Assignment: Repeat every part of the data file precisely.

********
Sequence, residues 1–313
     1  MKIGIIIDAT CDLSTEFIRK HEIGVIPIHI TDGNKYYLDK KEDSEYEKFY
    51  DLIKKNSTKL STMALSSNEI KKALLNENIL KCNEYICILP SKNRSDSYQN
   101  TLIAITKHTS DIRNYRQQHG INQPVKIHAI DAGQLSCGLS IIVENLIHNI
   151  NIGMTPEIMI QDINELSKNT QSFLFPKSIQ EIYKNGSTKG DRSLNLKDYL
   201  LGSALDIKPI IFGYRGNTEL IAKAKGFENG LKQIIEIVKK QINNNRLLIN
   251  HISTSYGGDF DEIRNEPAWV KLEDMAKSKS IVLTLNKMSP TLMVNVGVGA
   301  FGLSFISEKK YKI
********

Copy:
Sequence, residues 1–313
     1  MKIGIIIDAT CDLSTEFIRK HEIGVIPIHI TDGNKYYLDK KEDSEYEKFY
    51  DLIKKNSTKL STMALSSNEI KKALLNENIL KCNEYICILP SKNRSDSYQN
   101  TLIAITKHTS DIRNYRQQHG INQPVKIHAI DAGQLSCGLS IIVENLIHNI
   151  NIGMTPEIMI QDINELSKNT QSFLFPKSIQ EIYKNGSTKG DRSLNLKDYL
   201  LGSALDIKPI IFGYRGNTEL IAKAKGFENG LKQIIEIVKK QINNNRLLIN
   251  HISTSYGGDF DEIRNEPAWV KLEDMAKSKS IVLTLNKMSP TLMVNVGVGA
   301  FGLSFISEKK YKI